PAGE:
Best Books I Read in:
Best Books I Read in:
Pulled the old switcheroo because she couldn’t endure being terrorized by The Terror, especially since EVERYONE ON THE EXPEDITION DIES. This is not a spoiler since, unless you’ve had your head under a rock, all you have to do is google the main characters and you can learn all about their fates on Wikipedia.
Her current read is Fuentes’ short story collection Are We Ever Our Own.
There were babies born without surnames, and girls who walked unimpeded into the ocean, their white nightgowns floating in the waves.
— “The Burial of Fidelia Armando Cassell”, Story # 2 in Are We Ever Our Own
New book, started just today. It’s by a woman named Rebecca Donner, and the subject is her great-grandaunt, Mildred Harnack, who was married to a German, Arvid, whose fate is a family secret, because it was very bad: it seems she was imprisoned by Hitler and executed, and what family would want to talk about something like that?
Self only heard about Mildred Harnack from a book review in The Economist (August 2021). Self saved the review and now, finally, she holds in her hands All the Frequent Troubles of Our Days: The True Story of the American Woman at the Heart of the German Resistance to Hitler.
Mildred was from Wisconsin. She met Arvid when they were both students at the University of Wisconsin. In 1932, she was a part-time instructor at the University of Berlin, where she taught American Literary History.
It’s a good thing her great grandniece knows how to tell a story. She uses present tense, which hints that at least one of her goals is to make this story immersive: it’s not going to be a “Mildred did this, then Mildred did that” kind of thing. No, Rebecca’s actually going to put us in Berlin, which so happens to be a place self has visited, long ago, when she was invited to read from her book Mayor of the Roses by the House of World Culture. Just a few weeks ago, she was in Berlin again, this time April 1945 Berlin, through the eyes of Anonymous in A Woman in Berlin: Eight Weeks in the Conquered City.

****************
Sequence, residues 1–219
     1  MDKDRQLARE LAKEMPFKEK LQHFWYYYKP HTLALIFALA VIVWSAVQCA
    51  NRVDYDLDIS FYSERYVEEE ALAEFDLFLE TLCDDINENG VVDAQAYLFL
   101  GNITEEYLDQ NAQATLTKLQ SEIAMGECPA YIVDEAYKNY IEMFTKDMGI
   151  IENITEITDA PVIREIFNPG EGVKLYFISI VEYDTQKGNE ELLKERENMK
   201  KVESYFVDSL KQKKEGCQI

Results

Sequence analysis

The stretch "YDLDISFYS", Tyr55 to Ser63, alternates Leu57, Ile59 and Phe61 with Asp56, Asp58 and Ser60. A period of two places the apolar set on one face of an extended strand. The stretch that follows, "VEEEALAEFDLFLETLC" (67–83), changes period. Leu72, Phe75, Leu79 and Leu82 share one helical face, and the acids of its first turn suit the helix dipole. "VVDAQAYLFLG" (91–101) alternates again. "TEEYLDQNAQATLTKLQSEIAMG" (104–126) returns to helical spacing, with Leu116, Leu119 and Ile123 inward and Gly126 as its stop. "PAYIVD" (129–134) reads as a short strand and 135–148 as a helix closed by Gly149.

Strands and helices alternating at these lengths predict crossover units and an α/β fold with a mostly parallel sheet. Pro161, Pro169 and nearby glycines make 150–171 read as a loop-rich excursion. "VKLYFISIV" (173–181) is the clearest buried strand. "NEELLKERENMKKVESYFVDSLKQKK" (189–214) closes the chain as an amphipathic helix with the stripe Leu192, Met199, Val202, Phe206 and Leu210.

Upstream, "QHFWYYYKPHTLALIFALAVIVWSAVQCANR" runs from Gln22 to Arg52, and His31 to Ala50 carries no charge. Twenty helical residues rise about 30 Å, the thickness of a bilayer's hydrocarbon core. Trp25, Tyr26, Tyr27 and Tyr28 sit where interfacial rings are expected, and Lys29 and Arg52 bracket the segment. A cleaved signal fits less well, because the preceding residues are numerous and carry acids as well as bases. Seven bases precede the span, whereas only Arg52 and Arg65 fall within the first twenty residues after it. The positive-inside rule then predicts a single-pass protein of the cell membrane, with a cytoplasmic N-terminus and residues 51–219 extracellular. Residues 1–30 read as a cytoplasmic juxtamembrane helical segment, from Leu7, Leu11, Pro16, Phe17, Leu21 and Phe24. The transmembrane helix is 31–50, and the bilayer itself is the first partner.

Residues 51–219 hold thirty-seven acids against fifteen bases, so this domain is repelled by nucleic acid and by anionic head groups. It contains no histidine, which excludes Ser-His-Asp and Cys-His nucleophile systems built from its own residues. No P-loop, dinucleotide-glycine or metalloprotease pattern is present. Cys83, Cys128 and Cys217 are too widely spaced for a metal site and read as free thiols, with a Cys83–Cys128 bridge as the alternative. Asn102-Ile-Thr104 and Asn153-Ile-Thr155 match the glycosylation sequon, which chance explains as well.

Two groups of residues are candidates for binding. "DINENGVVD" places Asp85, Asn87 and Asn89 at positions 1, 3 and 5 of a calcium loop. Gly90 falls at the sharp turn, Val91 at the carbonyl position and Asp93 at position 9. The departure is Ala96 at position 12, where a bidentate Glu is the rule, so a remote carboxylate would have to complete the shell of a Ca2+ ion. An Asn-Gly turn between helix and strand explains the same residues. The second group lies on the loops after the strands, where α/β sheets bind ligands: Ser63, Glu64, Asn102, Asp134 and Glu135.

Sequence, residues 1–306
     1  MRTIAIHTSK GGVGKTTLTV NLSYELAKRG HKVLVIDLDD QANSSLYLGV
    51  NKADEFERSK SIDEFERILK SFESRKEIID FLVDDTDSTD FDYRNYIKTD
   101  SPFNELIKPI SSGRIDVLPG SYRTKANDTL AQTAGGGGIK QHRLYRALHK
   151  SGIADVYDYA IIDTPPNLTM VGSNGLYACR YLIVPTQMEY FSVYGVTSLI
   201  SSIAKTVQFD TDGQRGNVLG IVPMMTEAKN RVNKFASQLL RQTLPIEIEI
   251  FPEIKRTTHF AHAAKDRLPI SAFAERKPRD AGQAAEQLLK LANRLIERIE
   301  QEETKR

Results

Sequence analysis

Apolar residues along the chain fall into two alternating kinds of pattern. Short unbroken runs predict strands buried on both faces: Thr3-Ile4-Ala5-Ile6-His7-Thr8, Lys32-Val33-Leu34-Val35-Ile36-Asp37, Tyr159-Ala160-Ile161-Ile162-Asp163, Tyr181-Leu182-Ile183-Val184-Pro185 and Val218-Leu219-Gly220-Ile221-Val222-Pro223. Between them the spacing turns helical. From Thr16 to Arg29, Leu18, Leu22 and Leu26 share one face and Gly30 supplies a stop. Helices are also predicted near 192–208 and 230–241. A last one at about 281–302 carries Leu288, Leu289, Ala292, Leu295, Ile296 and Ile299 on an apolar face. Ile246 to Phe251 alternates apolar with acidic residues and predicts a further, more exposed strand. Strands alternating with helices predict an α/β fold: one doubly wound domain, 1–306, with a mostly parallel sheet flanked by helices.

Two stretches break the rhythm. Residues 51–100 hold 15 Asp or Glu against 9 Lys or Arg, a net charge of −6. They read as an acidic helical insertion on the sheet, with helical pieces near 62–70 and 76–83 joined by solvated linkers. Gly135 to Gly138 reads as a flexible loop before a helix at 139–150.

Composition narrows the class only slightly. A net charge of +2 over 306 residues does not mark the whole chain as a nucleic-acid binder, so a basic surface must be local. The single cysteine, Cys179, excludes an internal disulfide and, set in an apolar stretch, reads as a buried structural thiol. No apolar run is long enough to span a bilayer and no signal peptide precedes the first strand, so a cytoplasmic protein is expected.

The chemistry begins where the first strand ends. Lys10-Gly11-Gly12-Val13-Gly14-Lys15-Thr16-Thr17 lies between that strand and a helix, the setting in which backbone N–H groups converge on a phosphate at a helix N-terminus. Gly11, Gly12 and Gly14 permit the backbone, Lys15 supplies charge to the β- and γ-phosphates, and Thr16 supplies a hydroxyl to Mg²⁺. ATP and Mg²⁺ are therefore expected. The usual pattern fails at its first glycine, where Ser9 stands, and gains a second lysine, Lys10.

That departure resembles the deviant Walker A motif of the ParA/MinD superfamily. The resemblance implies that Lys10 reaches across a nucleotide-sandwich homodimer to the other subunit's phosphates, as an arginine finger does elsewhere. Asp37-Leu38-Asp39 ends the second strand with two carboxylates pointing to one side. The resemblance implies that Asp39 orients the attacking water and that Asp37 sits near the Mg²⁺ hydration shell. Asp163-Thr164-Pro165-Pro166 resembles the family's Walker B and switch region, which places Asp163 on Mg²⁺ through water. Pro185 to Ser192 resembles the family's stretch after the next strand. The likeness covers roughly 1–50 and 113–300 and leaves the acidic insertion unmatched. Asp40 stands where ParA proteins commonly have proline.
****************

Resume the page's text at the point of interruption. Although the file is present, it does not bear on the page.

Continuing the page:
1932 Berlin is very different from 1945 Berlin (of course). Mildred would be two years dead by the time Anonymous began writing her diary (Self wonders if Anonymous would have heard of Mildred Harnack? Anonymous was a journalist, so in all probability she would have heard of Mildred’s arrest and execution). Here is Mildred walking through Berlin in 1932:
She reaches a wide boulevard: Unter den Linden. She turns right.
The boulevard takes its name from the profusion of linden trees flanking it, trees that are in full bloom now, cascades of tiny white blossoms perfuming the air she breathes. But all this beauty can’t mask the ugliness here. Swastikas are cropping up like daisies everywhere: on posters pasted to the walls of U-Bahn stations, on flags and banners and pamphlets. A white-haired, walrus-mustached man is leading the country right now, but just barely. President Paul von Hindenburg is eighty-four, tottering into senility. A politician half his age is growing in popularity, a high-school dropout named Adolf Hitler who, Mildred predicts, will bring “a great increase of misery and oppression.”All the Frequent Troubles of Our Days, p. 16
the King, with eyes flashing with indignation, entered the room of the princess; and, waving his scepter, he cried out, “Christian Elias Drosselmeier, cure the princess, or die!” Drosselmeier began to cry bitterly, but little Princess Perlipat went on cracking her nuts. Then first was the court watchmaker struck with the princess’s extraordinary partiality for nuts, and the circumstance of her having come into the world with teeth. In fact, she had cried incessantly since her metamorphosis, until someone by chance gave her a nut; she immediately cracked it, ate the kernel, and was quiet. From that time, the nurses found nothing so effectual as to bring her nuts.— The Story of the Hard Nut, by E. T. Hoffmann, translated by Major Alex Ewing